by Dustin Brewer
With more players testing positive and still a month away from the NBA’s restart in Orlando, FL, Dustin takes a look at the pros & cons and wonders what it would take to make the NBA actually cancel the season.
IF all things go according to plan, the NBA season will restart in Orlando, FL on July 30th in a “bubble” at the Disney World Resort. And I say IF with the largest, boldest font I can muster because with the restart 31 days away, its’ status is more questionable than ever.
The NBA conducted the first of many COVID-19 tests on all 302 players in the league ahead of the Orlando restart and 16 of 302 tested positive. That’s 5%, which is a higher infection rate than any other sports league that has returned after having their season delayed by the coronavirus.
On Monday, June 29th, Brooklyn Nets players Spencer Dinwiddie & DeAndre Jordan both announced that they had tested positive and they’re all but likely not going with the team to Orlando. Over the weekend, Sacramento Kings player Jabari Parker (yeah, I didn’t realize he was on the Kings now either) was photographed playing tennis without a mask while out in public, just a few days after testing positive for COVID (the Kings have said they will investigate the incident).
In a conference call with reporters last Friday, NBA commissioner Adam Silver took a surprising stance given how progressive the league has been since he took the helm; he said the NBA would stay the course and continue with their plan:
“We know that COVID-19 will be with us for the foreseeable future,” Silver said on his conference call. “And we are left with no choice but to learn to live with this virus. No options are risk-free right now.”
He further argued that the league would be able to stay safe with their bubble approach:
“My ultimate conclusion is that we can’t outrun the virus, and that this is what we’re gonna be living with for the foreseeable future — which is why we designed the campus the way we did, and so it’s a closed network; and while it’s not impermeable, we are in essence protected from cases around us. At least, that’s the model. So for those reasons, we’re still very comfortable being in Orlando.”
All of that sounds very good except for one gaping hole in their bubble: the Disney World employees will be able to enter and exit the facility because Disney World will continue to be open to the general public while the NBA season is continuing. So a Disney cast member could easily spend hours with the general public and then stroll right into the NBA’s “closed network” to grab their things before leaving for the day and doing it all again the next day.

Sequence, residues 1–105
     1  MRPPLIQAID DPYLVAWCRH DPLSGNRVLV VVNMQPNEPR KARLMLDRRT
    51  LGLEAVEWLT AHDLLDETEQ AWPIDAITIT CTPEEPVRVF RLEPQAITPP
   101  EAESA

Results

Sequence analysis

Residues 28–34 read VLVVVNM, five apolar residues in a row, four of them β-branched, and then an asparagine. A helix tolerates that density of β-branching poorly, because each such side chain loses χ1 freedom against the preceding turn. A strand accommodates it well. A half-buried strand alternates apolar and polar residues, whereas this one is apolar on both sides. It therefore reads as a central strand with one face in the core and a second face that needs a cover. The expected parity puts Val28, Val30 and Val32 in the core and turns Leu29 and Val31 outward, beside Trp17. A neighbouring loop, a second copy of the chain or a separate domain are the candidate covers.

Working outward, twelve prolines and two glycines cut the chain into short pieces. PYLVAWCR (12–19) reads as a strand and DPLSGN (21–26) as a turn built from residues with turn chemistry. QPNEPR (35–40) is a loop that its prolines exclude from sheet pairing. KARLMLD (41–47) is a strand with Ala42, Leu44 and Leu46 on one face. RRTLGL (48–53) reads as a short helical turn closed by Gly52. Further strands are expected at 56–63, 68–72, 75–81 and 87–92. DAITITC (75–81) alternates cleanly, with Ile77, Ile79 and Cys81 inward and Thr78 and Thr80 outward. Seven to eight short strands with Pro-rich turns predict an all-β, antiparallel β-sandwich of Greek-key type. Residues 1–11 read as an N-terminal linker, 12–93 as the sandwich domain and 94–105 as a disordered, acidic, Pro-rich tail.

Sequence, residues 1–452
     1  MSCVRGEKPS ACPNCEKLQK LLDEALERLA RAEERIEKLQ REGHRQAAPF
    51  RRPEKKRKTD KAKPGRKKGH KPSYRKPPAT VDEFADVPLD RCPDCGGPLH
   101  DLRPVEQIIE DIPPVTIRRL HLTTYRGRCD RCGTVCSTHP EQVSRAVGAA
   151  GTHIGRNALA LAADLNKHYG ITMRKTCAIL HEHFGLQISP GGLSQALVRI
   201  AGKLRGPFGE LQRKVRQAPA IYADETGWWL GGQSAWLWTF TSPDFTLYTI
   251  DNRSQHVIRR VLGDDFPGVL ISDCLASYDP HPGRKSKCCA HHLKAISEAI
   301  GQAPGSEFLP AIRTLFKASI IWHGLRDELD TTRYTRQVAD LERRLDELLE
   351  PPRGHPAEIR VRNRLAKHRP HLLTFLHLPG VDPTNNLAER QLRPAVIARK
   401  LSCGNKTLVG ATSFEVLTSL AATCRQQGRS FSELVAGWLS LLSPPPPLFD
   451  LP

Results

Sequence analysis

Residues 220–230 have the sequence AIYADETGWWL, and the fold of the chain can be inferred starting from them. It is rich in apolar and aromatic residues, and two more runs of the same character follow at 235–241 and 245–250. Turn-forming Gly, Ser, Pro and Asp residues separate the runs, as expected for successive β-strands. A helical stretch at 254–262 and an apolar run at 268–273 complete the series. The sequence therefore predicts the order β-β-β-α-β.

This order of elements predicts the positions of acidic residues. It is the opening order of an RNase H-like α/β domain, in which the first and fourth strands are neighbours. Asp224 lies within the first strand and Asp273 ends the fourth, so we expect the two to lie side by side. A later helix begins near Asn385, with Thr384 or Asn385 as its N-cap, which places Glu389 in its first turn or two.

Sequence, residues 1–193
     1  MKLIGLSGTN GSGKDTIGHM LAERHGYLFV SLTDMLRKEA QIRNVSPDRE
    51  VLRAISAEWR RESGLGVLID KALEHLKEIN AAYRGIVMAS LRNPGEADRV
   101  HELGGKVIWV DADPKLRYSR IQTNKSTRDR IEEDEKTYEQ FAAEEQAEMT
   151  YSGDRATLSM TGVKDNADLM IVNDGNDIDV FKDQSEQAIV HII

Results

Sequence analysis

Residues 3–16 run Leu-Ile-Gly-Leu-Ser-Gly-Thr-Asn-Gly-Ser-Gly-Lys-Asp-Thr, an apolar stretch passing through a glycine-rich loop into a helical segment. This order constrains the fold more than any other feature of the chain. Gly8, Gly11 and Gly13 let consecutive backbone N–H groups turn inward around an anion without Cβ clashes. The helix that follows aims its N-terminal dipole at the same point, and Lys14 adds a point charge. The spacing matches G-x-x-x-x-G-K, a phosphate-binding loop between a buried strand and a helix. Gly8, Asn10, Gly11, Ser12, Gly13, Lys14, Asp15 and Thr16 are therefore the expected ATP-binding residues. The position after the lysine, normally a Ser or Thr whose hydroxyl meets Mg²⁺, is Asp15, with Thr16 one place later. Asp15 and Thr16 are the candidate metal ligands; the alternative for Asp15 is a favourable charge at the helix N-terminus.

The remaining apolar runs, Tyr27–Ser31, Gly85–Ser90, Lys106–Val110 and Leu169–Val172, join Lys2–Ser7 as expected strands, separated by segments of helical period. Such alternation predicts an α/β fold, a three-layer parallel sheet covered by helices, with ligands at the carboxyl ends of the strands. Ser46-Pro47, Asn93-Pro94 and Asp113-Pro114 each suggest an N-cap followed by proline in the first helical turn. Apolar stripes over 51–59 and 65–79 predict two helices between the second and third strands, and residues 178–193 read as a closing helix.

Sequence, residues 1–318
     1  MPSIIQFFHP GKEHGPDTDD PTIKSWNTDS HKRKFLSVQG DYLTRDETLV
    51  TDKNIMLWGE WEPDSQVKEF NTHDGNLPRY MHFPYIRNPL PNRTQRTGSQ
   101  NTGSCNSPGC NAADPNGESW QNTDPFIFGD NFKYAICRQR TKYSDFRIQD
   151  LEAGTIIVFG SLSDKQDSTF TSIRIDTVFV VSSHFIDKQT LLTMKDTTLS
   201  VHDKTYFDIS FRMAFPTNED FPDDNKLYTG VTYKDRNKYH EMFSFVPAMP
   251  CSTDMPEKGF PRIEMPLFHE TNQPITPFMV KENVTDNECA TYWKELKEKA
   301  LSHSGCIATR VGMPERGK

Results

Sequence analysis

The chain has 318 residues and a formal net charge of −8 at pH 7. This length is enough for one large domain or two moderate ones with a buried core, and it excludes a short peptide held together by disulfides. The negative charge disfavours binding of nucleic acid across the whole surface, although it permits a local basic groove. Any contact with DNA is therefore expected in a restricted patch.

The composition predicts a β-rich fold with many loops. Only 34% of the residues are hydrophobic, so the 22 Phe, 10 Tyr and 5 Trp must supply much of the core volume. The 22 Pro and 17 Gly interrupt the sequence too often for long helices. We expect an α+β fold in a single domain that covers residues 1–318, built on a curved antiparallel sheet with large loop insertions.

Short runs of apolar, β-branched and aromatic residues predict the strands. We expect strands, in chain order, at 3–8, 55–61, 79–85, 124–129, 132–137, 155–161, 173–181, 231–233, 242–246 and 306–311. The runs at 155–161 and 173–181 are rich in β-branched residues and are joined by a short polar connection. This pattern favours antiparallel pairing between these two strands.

With how fast more players are testing positive combined with more players dropping out of the restart altogether, it’s safe to say that there’s much more that would have to happen for the season to be scrapped altogether, especially given how the league has stayed so committed to continuing. But, with more players also voicing their concerns that a restart would diminish the protests towards ending social injustices, it’s just one hurdle after another that the league has had to navigate.
For their part, the NBA & the NBAPA have remained open to doing whatever they can to allow players participating in the restart to amplify their voices with ideas including letting players replace their last names on jerseys with various social justice statements and early Monday morning the NBA announced that they plan on painting Black Lives Matter on the Orlando courts.
While these gestures show the league’s willingness to work with the NBAPA to help appease players wanting to continue to speak up, if they keep trying to push through like normal as more players test positive for coronavirus or drop out of the restart altogether, anything else they do for social justice may just ring hollow.
The country is in an unprecedented social justice movement while also still being smack in the middle of an unprecedented pandemic that seems to have gotten worse over the last few weeks, especially in the Orlando area and the entire state of Florida. The NBA can’t turn the other cheek on one problem without being confronted full-tilt by the other. In the end, there’s no right or wrong answer and every decision is a hard one to make, but if things keep unfolding the way they’ve been, they may not get the chance to make any decisions.